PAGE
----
Somali refugees pack capital after rebels quit
By Mohamed Ahmed and Abdi Sheikh
MOGADISHU (Reuters) - Thousands of Somali refugees, fleeing famine and years of violence, streamed into Mogadishu on Monday searching for food after Islamist rebels withdrew from the capital.
The al Qaeda-affiliated al Shabaab insurgents began pulling their fighters out of Mogadishu over the weekend, raising hopes that humanitarian groups would be able to step up aid deliveries after years of blockages by the militant group.
Locals told Reuters long lines of refugees were now heading to the battle-scarred city to escape the region's worst drought in decades, and existing supplies were already running low.
The United Nations says about 3.6 million people are at risk of starvation in Somalia and about 12 million people across the Horn of Africa region, including in Ethiopia and Kenya.
"Now thousands ... are on the way from Bakool and Bay (regions) to Mogadishu," Sherif Isak, 58, a refugee in Badbaado camp on the outskirts of the capital, told Reuters.
"I cannot say it will rain but I am sure life will improve if al Shabaab melts away. More agencies will come and people will get food and jobs," he said.
Al Shabaab withdrew four years into their battle to overthrow Somalia's Western-backed government, an insurgency that has driven the chaotic country deeper into anarchy.
Somalia has been without an effective central government since the fall of dictator Mohamed Siad Barre 20 years ago, and peace is a distinct prospect.
The militants, hostile to any Western intervention, have blocked humanitarian deliveries in the past, saying aid creates dependency. Aid agencies say they have been unable to reach more than 2 million Somalis facing starvation in rebel-held territories.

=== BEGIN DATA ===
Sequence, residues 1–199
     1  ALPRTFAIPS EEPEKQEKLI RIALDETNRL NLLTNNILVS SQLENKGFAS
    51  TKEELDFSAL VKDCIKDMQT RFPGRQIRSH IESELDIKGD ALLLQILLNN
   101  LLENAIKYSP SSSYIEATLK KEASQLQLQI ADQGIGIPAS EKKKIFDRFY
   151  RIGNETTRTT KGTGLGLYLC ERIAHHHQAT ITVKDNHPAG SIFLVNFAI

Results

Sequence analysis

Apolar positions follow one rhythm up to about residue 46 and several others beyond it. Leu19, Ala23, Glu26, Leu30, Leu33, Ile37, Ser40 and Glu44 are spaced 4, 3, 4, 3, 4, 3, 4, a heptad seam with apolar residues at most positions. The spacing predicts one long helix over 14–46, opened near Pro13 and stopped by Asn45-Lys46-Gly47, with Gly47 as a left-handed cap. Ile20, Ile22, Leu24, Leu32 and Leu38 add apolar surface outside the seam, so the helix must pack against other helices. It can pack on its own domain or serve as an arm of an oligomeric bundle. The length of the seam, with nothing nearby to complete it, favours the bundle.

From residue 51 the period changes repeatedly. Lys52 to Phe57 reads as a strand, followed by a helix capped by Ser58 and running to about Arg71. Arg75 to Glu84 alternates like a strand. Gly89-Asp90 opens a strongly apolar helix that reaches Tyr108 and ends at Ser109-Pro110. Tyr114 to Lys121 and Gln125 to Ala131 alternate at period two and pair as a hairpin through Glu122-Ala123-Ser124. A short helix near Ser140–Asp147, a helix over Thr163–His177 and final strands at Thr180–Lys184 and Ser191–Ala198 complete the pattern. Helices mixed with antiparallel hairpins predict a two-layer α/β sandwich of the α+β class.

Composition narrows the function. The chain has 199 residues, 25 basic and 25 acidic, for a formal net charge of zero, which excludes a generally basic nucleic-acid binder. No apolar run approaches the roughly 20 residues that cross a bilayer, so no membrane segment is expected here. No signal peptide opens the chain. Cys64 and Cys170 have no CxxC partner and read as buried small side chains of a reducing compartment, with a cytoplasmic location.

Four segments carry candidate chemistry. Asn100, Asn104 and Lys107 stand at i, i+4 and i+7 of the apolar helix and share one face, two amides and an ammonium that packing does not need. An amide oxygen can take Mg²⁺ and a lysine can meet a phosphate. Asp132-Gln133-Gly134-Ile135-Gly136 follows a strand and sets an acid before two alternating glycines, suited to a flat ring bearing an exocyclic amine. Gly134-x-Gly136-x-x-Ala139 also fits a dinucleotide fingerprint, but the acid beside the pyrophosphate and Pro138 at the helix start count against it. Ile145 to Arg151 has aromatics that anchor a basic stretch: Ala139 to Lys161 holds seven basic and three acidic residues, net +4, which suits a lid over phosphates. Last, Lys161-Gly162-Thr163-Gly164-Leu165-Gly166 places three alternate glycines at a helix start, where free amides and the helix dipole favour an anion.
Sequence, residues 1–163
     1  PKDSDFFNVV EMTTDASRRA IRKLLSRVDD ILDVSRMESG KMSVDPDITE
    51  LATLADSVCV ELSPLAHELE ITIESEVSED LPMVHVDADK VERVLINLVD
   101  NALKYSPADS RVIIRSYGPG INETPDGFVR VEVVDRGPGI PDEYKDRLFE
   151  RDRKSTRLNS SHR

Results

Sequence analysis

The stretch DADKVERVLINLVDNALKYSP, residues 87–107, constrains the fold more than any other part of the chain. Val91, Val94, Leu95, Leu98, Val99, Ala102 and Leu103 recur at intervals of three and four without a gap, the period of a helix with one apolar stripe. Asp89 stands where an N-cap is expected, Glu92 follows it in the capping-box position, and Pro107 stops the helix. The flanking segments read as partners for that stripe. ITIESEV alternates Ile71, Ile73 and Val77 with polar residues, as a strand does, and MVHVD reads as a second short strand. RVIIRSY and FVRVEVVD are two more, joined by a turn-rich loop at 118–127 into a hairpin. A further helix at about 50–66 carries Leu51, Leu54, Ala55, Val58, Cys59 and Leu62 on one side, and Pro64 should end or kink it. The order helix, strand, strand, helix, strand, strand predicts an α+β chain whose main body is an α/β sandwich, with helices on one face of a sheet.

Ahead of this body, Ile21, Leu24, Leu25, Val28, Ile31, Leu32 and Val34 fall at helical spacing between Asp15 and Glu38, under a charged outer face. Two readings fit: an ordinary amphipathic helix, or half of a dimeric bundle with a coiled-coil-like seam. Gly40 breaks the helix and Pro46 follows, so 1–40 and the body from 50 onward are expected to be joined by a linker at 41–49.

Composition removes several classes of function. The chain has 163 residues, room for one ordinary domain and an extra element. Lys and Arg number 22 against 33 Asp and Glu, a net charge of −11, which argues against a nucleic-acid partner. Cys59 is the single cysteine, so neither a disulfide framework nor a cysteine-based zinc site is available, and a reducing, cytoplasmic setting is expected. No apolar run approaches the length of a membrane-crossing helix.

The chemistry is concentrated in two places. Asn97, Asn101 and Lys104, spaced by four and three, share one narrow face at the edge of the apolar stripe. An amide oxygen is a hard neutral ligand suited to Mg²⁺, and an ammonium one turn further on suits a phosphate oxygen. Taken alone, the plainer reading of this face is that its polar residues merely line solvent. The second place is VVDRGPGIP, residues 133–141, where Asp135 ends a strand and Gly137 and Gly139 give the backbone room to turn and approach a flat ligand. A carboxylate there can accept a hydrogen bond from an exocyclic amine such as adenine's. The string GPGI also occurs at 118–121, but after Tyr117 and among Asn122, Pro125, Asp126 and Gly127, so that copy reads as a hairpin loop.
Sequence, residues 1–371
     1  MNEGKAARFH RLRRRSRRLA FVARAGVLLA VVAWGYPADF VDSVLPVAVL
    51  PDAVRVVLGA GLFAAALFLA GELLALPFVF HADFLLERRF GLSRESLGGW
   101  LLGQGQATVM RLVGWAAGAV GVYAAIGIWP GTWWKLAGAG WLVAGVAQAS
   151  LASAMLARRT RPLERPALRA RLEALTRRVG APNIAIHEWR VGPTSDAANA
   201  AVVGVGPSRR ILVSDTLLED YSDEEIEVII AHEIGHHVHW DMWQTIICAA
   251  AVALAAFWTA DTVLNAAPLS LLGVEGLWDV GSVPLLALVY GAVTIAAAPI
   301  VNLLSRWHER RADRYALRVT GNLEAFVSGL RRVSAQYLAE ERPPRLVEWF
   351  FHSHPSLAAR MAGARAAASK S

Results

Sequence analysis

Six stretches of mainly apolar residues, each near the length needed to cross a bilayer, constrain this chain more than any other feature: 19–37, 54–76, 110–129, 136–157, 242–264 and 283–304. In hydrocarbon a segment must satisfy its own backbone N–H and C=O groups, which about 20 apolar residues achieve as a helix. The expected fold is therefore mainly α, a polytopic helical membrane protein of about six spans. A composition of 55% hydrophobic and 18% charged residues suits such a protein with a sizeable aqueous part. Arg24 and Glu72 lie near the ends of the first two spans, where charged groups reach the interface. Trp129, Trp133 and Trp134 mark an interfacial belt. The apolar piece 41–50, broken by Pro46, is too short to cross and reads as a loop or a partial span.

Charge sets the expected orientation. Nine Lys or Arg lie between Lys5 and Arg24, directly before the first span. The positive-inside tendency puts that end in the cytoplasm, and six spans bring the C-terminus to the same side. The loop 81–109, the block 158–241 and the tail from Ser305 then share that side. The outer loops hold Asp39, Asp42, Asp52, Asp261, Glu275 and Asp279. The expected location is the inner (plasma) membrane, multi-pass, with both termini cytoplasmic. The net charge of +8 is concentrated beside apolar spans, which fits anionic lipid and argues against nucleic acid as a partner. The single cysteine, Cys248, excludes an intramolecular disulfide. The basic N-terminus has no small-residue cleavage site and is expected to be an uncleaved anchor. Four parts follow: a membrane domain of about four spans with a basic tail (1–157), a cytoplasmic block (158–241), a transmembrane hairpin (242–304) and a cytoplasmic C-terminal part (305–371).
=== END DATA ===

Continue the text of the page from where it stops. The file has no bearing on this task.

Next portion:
Days after al Shabaab's departure, the first of three flights from the U.N. refugee agency UNHCR landed in Mogadishu Monday, carrying more than 31 tons of shelter material, including blankets and jerricans for water.
Local officials said they were cautiously hopeful.
"If ongoing aid flights keep coming to Mogadishu, we are optimistic that people will survive," Fartun Abdisalan Adam, a local rights group official told Reuters in Mogadishu.
But existing supplies were running low. "The refugees are still storming the capital in search of food and there is not enough food for them to survive in the capital," she added.
Somalia's struggling government hailed the rebels' exit as a major victory but al Shabaab said their withdrawal was just tactical and promised to return, and analysts said the exit could herald a wave of al Qaeda-style suicide attacks.
Monday afternoon, a suicide car bomb detonated prematurely 13 km (8 miles) south of Mogadishu, officials said.
"We understand a car full of explosives detonated unexpectedly. Only the driver died, but two civilians were also injured," said Captain Ndayiragije Come, a spokesman for the African Union (AU) peace keeping force, AMISOM.
"The suicide car bomb was heading to Mogadishu. Al Shabaab has not given up war. They are masterminding more blasts but we are very alert."
Mogadishu residents said they still felt far from secure. Many feared fresh fighting between government troops and remnants of the rebel force hiding out in the capital.
Militants have threatened to behead anyone who betrayed their fighters to the police.
"I think this is one of the riskiest operating environments of any humanitarian operation in the world right now so I think sure, there's risk of an uptick in the fighting, there are all sorts of risks," a senior U.S. official traveling with the delegation of Jill Biden, the wife of U.S. Vice President Joe Biden.
Biden was visiting Dadaab, the world's largest refugee camp just over Somalia's border in neighboring Kenya. Dadaab, declared full in 2008, has seen an influx of about 1,500 Somali refugees a day since late July.
"There's such a great influx every single day ... coming in here that I think it's just getting overwhelming for them to handle it all. We need to stay ahead of it," Biden told reporters.
(Additional reporting and writing by Yara Bayoumy; Editing by James Macharia)